While the Polyglot was justly regarded at the time of its appearance as an honourable monument of the vitality of the church of England at a period of extreme depression, and, from its practical arrangement, has been of the greatest use to biblical students, with whom, having never been superseded, it still commands a high price, it would also seem to have been a most successful commercial speculation. Though not absolutely the first book printed by subscription in England, it was one of the earliest, and, as has been seen, liberal support was given the undertaking from the commencement; and whereas the price paid by subscription was 10l., other purchasers probably paid far more; in a letter to John Buxtorf the younger, at Basle, Walton puts the price at 50l.

The Polyglot was put on the ‘Index Librorum Prohibitorum’ at Rome, and in England was attacked by Dr. John Owen in a volume of ‘Considerations,’ which Walton answered in a work called ‘The Considerator Considered’ (1659). Owen's criticisms were directed rather against the study of the versions themselves than against the scholarship of the editors of the ‘Polyglot,’ and Walton may be considered to have dealt with them satisfactorily.

In 1657, when a sub-committee of the ‘Grand Committee of Religion’ was appointed to consider the desirability of a revision of the English Bible, the opinion of Walton among others was taken; but he received no further marks of recognition until the Restoration, when, on his petition (Cal. State Papers, Dom. 1660–1, p. 235), he was reinstated in his benefices and made chaplain in ordinary to the king. On 14 Aug. 1660 he was given the prebend of Wenlakesbarn in St. Paul's Cathedral. Late in 1660 he was made bishop of Chester, being consecrated in Westminster Abbey on 2 Dec., and in March of the following year he became a member of the Savoy conference. He also petitioned for and received other livings to hold in commendam with his bishopric (ib. Dom. 1661, pp. 49, 69). Visiting his diocese in September 1661, he was received with great pomp by the inhabitants. He did not survive his appointment long, for, returning to London shortly after the reception that has been mentioned, he died in his house in Aldersgate Street (29 Nov.), and on the following 5 Dec. his remains received public burial at St. Paul's, where a monument, which afterwards perished in the fire of London, recorded his virtues and services (it is printed in the Biogr. Britannica, vii. 4147). A ‘fine head,’ engraved by Lombart, is prefixed to the ‘Polyglott Bible,’ 1657. By his second wife he was the father of one son.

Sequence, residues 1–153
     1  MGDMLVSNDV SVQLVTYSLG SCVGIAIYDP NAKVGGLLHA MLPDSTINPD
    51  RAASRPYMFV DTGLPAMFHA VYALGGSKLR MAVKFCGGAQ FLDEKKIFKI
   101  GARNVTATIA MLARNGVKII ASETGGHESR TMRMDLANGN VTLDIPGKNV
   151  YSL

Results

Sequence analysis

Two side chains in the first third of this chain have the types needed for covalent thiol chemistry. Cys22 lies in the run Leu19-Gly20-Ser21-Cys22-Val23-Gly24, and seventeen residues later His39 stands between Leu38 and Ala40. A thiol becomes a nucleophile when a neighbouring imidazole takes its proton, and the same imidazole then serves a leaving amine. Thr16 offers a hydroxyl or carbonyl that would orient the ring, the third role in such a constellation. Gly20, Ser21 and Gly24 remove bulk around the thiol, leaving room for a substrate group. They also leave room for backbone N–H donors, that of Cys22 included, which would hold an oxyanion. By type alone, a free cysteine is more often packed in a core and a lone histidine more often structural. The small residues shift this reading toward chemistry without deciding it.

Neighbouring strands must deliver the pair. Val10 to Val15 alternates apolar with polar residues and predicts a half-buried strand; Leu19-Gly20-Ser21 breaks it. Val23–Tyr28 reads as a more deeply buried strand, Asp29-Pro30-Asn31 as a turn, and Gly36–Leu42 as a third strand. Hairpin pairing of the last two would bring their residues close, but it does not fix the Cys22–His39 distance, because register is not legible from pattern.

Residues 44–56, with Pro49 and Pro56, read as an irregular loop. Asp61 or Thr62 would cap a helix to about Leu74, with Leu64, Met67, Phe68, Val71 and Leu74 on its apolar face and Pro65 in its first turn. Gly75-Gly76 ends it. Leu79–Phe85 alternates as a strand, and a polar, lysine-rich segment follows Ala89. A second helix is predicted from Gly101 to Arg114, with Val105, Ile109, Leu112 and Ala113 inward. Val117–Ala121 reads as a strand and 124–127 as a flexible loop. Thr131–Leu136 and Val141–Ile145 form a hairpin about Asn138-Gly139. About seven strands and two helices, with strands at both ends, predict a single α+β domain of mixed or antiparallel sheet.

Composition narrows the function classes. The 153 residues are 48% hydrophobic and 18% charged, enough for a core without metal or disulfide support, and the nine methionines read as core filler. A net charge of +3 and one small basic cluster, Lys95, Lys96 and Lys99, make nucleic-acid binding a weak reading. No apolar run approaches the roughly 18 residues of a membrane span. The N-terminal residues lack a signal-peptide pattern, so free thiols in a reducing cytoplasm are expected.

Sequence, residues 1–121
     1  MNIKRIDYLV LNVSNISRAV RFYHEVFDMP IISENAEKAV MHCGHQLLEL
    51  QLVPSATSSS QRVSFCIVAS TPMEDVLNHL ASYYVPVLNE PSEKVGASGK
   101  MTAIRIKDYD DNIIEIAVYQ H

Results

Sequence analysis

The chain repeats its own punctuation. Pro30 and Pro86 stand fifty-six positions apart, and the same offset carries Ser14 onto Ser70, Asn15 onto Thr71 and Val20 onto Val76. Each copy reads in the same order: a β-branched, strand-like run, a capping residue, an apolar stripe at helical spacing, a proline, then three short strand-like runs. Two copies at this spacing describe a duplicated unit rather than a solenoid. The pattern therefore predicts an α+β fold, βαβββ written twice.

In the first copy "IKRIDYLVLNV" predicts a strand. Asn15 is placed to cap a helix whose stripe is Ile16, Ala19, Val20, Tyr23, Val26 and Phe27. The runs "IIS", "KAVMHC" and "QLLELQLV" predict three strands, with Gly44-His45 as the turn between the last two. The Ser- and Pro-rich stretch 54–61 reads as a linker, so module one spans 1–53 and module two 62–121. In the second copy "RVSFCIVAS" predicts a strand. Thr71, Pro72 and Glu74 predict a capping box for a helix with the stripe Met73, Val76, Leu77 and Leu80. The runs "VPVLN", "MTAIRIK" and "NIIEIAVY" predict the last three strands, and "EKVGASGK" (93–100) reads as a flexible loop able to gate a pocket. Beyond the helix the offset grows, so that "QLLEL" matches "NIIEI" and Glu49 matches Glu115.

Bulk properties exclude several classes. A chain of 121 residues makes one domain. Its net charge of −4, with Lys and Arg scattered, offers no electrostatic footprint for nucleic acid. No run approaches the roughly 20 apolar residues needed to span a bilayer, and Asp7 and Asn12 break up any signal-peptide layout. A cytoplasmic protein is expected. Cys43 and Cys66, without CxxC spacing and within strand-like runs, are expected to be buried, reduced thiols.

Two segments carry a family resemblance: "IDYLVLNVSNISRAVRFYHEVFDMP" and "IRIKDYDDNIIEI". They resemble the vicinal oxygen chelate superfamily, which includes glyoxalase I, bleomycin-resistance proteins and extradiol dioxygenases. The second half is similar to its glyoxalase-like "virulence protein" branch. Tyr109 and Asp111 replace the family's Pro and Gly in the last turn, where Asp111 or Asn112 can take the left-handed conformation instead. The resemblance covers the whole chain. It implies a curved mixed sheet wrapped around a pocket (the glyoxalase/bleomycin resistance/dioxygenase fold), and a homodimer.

Todd's Memoirs of Bishop Walton, 1822; Cal. State Papers, Dom. passim; Baxter's Reliquiæ; Lloyd's Worthies; Newcourt's Rep. Eccl.; Masson's Milton, passim; Walker's Sufferings of the Clergy; Anthony Wood's Athenæ Oxon.; Bodleian MSS.; Granger's Biogr. Hist. iii. 29; Biogr. Britannica; Le Neve's Fasti Eccl. ed. Hardy; Parr's Life of Ussher; Foster's Alumni Oxon. 1500–1714; Hennessy's Novum Rep. Eccl. 1898, pp. 54, 131, 173; notes kindly supplied by A. G. Peskett, esq., Magdalene College, Cambridge.]

D. S. M.